Corydoras: from the Ancient Greek κόρυς (korus), meaning ‘helmet’, and δορά (dora), meaning ‘skin, hide of an animal’, in allusion to the rows of bony plates on the flanks of genus members.
axelrodi: Named for Dr. Herbert Axelrod.
Type locality is ‘Río Meta, Colombia’, and this species is apparently endemic to that drainage although precise locality details are scarce.
There appears to exist evidence to suggest that the type locality is situated in the Río Manacacias basin, Meta Department, near the municipality of Puerto Gaitan.
The Meta flows through Colombia, forming the border with Venezuela in its lower reaches before flowing into the Río Orinoco at Puerto Carreño.
Maximum Standard Length
45 – 50 mm.
Ideally use a substrate of fine sand, although rounded gravel is an acceptable alternative provided it’s kept scrupulously clean.
Other décor is largely down to personal choice, but some cover should be provided to give the fish security.
Temperature: 22 – 26 °C
pH: 5.0 – 7.0
Hardness: 18 – 215 ppm
Corydoras spp. are foraging omnivores and will accept most sinking dried foods, as well as small live and frozen varieties such as bloodworm, Tubifex, etc.
Feeding a varied diet will ensure the fish are in optimum condition.
Under no circumstances should they be expected to survive on ‘left-overs’ from other inhabitants of the aquarium or relied on to ‘clean’ the aquarium.
Behaviour and CompatibilityTop ↑
Peaceful and gregarious. Should be maintained in a group of at least 4-6 individuals.
Females tend to grow larger, and sexually mature individuals are noticeably rounder and broader-bodied than males, especially when gravid.
Can be bred in a similar fashion to many other Corydoras species.
Use a ratio of 2 males per female if possible, and when the females are visibly full of eggs perform a large (50-70%) water change with cooler water, and increase oxygenation and flow in the tank. Repeat this daily until the fish spawn.
Eggs are normally deposited on the aquarium glass, but it’s recommended to provide alternatives in the form of fine-leaved vegetation or fine spawning mops.
Once spawning is complete either adults or eggs should be removed; the latter can usually be rolled gently up the glass with a finger.
The new container should contain the same water as the spawning tank and be similarly well-oxygenated. Most breeders add a few drops of methylene blue, or an alder cone or two at this point in order to prevent the eggs developing fungus.
They seem less susceptible to ailments when maintained over a thin layer of sand rather than in a bare-bottomed arrangement.
This species is somewhat variable in appearance and can have between 1-3 dark lateral stripes on each flank, for example. It’s also known by the alternative common name ‘pink corydoras’.
It looks similar to the congener C. loxozonus plus unidentified fishes which have been assigned the codes C003 and CW021, and all four are sometimes traded under the fabricated names C. ’deckeri‘ or C. sp. ‘decker/deker’.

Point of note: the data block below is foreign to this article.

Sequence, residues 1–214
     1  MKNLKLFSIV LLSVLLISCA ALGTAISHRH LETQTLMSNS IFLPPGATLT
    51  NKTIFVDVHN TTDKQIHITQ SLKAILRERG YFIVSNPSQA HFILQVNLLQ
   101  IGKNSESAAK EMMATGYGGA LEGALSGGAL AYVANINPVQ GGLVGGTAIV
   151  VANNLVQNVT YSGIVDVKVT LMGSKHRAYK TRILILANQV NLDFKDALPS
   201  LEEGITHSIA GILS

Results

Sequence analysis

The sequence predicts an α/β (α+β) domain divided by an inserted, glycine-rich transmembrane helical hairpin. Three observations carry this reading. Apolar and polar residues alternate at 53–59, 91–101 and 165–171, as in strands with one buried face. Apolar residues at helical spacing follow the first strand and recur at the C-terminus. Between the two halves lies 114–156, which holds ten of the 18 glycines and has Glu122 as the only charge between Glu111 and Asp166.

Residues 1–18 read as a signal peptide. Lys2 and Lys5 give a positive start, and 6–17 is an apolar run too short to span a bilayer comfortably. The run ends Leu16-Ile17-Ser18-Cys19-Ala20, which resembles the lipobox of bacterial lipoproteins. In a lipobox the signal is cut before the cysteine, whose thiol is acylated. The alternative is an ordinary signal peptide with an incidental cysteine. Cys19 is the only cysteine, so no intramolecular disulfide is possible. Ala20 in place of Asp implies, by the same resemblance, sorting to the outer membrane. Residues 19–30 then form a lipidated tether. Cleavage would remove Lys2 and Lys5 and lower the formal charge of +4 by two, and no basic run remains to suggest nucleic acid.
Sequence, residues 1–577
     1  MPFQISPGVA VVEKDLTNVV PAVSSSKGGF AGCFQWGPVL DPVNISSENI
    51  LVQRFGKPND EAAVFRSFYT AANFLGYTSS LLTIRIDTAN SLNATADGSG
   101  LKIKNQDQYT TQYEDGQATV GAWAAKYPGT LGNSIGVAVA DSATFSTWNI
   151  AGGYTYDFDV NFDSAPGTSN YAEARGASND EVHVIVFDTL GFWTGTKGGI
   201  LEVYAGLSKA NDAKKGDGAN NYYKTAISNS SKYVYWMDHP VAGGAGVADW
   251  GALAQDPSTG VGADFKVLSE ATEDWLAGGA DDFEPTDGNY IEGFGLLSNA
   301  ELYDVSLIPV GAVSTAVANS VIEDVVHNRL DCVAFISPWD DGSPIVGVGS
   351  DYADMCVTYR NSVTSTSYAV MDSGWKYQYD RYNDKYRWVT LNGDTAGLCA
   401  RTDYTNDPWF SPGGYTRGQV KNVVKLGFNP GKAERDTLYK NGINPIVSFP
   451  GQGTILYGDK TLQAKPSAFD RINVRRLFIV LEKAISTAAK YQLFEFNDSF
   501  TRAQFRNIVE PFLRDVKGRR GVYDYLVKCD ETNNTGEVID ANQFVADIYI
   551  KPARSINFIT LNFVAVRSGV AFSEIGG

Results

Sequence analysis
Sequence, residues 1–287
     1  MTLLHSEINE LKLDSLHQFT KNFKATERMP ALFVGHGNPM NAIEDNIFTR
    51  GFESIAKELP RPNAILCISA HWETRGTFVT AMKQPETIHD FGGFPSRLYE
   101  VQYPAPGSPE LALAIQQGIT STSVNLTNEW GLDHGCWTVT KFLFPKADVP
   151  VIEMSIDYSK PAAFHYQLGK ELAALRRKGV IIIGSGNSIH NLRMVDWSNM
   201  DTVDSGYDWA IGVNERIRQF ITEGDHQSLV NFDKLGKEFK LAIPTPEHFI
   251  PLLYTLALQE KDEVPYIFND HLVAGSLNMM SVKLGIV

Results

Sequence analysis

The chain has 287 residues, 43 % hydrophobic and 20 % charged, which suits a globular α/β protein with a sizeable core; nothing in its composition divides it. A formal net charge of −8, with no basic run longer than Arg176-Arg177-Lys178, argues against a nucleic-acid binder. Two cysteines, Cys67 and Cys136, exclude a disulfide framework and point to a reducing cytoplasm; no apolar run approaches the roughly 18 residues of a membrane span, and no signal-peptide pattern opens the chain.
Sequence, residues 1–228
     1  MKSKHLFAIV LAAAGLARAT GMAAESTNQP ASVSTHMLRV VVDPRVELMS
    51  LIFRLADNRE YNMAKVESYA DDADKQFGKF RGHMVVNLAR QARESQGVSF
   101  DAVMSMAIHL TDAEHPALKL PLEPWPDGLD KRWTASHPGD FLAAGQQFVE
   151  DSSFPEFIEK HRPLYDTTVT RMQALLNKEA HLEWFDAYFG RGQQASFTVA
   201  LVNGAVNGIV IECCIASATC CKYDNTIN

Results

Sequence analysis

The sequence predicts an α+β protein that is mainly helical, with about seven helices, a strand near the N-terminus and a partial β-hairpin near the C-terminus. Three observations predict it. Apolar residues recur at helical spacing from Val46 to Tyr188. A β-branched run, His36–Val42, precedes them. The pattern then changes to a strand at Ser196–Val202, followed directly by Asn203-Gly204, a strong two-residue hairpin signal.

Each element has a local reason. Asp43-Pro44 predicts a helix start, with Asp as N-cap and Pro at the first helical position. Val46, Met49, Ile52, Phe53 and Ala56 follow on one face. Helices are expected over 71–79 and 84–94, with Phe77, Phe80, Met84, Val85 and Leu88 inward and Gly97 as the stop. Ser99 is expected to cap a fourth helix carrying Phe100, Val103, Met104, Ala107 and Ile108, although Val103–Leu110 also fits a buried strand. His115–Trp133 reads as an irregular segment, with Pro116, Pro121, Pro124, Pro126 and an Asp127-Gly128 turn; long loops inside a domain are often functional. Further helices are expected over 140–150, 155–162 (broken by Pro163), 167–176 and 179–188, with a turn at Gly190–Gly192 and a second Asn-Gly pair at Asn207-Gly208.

Unfortunately we haven’t yet seen the original description, but in general it can be told apart from C. loxozonus by the act that the principal dark lateral stripe is located around midbody whereas in in C. loxozonus it’s mostly restricted to the upper portion of the body. The stripe commences below the dorsal-fin origin and terminates at the lower caudal-fin lobe in both species.
In C003 the central stripe commences at midbody but is relatively narrow and generally broken down into a series of blotches, while in CW021 the stripe commences anterior to the dorsal-fin origin and there tends to be a second shorter, narrower stripe running parallel below it. Both stripes are solid whereas when a second or third stripe is present in C. axelrodi it’s usually broken into blotches.
The genus Corydoras is among the largest catfish groups and currently contains over 150 valid species.
It’s included in the family Callichthyidae, of which members are often referred to collectively as ‘armoured’ or ‘mailed’ catfishes group due to the presence of bony plates in place of scales on the body.
Their taxonomy can be confusing, and numerous undescribed species are also thought to exist.
They are facultative air breathers and possess a modified, highly vascularised intestine which has evolved to facilitate uptake of atmospheric oxygen and aid survival in oxygen-deprived environments. In the aquarium you’ll occasionally see them rising to the surface to take in gulps of air.
The stiffened pectoral-fin spines are capable of piercing human skin and a ‘sting’ can be very painful indeed, so care should be exercised when handling them.
It’s thought that secretions from the axillary glands at the base of each spine may even be mildly toxic or venomous.
- Ferraris, C. J., Jr., 2007 - Zootaxa 1418: 1-628
Checklist of catfishes, recent and fossil (Osteichthyes: Siluriformes), and catalogue of siluriform primary types.
- Fuller, I. A. M., and H-G. Evers, 2005 - Verlag A.C.S. GmbH: 1-384
Identifying Corydoradinae Catfish.
- Reis, R. E., S. O. Kullander, and C. J. Ferraris, Jr. (eds) , 2003 - EDIPUCRS, Porto Alegre: i-xi + 1-729
Check list of the freshwater fishes of South and Central America. CLOFFSCA.